Can a Magnesium Supplement Help You Sleep Better?

Can a Magnesium Supplement Help You Sleep Better?

(Last Updated On: November 15, 2020)

Magnesium supplement

Sleep is vital for good health and even for survival. In fact, there’s a rare condition called familial insomnia where its unfortunate victims are unable to fall asleep and, ultimately, die from the effects of sleep deprivation. That’s how important sleep is to human functioning.

Despite its importance, research shows almost half of people sleep fewer than six hours of sleep per night. That’s not enough to meet your basic sleep requirements. Most experts believe 7 to 8 hours of sleep each night is optimal for health and vitality. Contrary to popular belief, researchers don’t believe that the elderly need less sleep, it’s just that they have trouble falling asleep and staying asleep. As an adult, sleep requirements don’t change much with age.

What if you struggle to fall asleep? Rather than drifting off to dreamland, you toss and turn and try every trick you can think of to get your body to relax. Insomnia isn’t unique to the elderly, it can be a problem at any age and is often related to stress. In some cases, sleep problems come and go but for others, it’s a nightly struggle to get even 7 hours of sleep. What can you do to get your sleep in order?

Addressing stress-related factors that contribute to insomnia is the first priority. Once you’ve done that, you look at dietary changes and supplements that might promote better sleep. Could one of those be magnesium?

Magnesium and Sleep

Magnesium is a mineral involved in over 300 chemical reactions in the body. So, you know it’s important if so many reactions depend upon it, and there’s some evidence that getting more it can help you sleep more soundly. How do we know this?

A double-blind, placebo-controlled study, a marker of a high-quality study, found that elderly subjects who supplemented with magnesium enjoyed better sleep and were able to sleep more hours. They also woke up less frequently during the night. For the study, the participants took 320 milligrams of magnesium citrate for 7 weeks. However, the participants were all over the age of 50, so it’s not clear whether magnesium improves sleep quality in younger people.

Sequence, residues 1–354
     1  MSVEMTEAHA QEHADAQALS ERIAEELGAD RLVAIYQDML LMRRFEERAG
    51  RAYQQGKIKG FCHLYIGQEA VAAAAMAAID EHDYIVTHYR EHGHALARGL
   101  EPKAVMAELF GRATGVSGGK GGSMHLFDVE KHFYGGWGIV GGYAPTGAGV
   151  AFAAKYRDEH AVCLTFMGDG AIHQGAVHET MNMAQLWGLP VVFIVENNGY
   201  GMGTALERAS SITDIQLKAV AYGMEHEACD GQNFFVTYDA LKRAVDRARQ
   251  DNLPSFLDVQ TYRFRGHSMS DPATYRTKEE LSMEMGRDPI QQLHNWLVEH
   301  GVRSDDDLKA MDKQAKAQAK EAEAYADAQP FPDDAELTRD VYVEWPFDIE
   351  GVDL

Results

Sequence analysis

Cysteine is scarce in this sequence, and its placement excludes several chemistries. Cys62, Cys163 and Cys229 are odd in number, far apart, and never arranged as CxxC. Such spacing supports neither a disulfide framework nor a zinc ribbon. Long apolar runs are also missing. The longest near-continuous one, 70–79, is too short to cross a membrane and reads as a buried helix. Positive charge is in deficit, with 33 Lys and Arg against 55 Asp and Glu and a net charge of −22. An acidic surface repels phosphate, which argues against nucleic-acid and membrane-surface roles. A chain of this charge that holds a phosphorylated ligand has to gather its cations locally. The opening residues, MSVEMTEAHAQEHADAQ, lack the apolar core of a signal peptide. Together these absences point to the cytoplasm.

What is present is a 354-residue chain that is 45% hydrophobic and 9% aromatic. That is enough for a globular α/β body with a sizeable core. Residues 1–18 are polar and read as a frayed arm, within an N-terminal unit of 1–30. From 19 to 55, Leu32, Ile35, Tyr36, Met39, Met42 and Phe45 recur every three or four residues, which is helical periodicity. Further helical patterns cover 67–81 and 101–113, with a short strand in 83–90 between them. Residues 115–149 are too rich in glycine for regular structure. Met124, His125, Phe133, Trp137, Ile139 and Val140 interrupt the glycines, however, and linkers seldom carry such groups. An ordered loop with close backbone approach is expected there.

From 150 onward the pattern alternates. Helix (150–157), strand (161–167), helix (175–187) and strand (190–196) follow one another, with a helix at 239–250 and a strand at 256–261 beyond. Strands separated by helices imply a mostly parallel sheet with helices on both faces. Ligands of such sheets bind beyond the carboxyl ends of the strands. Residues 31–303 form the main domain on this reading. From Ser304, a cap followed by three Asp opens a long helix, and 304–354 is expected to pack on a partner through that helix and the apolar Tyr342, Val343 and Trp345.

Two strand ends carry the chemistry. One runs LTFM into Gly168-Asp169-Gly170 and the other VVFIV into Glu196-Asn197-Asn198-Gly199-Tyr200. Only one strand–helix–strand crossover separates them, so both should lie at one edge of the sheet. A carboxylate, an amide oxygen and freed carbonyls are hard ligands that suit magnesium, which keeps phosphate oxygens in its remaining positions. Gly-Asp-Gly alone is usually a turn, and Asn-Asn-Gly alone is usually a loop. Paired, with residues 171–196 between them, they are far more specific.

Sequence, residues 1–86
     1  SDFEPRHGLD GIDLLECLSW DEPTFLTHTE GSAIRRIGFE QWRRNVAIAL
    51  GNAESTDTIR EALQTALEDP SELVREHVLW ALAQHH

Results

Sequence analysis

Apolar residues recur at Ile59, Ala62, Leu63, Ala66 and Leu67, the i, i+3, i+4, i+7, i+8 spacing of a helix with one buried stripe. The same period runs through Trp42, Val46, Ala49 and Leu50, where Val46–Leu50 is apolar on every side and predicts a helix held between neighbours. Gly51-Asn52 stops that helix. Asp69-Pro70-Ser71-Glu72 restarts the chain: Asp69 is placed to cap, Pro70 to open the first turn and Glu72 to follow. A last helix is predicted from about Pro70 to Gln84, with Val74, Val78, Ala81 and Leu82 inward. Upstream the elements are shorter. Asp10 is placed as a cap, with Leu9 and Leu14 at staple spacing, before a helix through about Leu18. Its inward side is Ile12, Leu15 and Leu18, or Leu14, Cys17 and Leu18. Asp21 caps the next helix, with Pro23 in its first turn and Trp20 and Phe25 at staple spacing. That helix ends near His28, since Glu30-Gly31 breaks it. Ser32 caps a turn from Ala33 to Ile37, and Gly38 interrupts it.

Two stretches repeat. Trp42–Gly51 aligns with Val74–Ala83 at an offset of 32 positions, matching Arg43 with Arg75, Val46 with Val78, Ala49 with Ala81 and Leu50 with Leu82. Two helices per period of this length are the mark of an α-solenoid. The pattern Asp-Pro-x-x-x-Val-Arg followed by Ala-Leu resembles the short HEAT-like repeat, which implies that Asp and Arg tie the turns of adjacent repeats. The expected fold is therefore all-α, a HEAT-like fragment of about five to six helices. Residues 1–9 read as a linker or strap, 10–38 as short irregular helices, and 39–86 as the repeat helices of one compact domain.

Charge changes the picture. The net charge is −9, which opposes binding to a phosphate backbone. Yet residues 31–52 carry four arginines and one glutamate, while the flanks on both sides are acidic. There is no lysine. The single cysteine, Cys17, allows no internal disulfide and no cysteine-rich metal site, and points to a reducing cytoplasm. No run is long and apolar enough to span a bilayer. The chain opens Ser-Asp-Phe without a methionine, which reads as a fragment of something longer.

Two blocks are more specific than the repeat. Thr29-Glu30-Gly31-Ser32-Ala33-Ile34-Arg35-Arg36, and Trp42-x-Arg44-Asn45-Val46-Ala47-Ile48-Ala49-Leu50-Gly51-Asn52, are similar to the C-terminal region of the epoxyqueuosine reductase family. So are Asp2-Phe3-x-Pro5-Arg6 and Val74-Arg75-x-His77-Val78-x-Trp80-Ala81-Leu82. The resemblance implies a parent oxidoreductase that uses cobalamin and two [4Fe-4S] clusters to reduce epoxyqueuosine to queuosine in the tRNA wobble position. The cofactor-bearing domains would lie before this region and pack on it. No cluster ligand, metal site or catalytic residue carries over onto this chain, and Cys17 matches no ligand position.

Another promising study also looked at the effects of magnesium on sleep quality in older adults. As people age, their sleep patterns change, and these changes are reflected in changes in their brain waves. Scientists can visualize brain waves using an electroencephalogram (EEG). When you look at an EEG tracing of an older person, you see a reduction in slow-wave sleep. That’s important since slow-wave sleep is the time when your body repairs and “keeps house.” Studies show that the brain clears misfolded proteins in the brain during deep sleep through a special lymphatic system called the g-lymphatics. Therefore, sleep is a form of detox for the brain and nervous system.

In the study, the participants took effervescent magnesium tablets for 20 days while the researchers monitored their brain waves during sleep. The results? Magnesium improved sleep quality, and the amount of slow-wave sleep the subjects enjoyed increased.

How Does a Magnesium Supplement Improve Sleep Quality?